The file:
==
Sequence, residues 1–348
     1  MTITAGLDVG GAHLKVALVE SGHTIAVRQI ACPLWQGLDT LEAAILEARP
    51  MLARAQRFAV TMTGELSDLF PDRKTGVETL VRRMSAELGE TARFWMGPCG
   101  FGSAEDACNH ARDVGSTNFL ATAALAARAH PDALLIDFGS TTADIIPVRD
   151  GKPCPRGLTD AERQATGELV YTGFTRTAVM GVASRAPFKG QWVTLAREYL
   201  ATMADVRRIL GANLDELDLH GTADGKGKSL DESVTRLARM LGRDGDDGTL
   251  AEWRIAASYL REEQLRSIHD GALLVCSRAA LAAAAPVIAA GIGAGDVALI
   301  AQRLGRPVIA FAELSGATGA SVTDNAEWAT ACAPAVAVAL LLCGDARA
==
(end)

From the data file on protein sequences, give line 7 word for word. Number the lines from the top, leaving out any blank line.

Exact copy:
   251  AEWRIAASYL REEQLRSIHD GALLVCSRAA LAAAAPVIAA GIGAGDVALI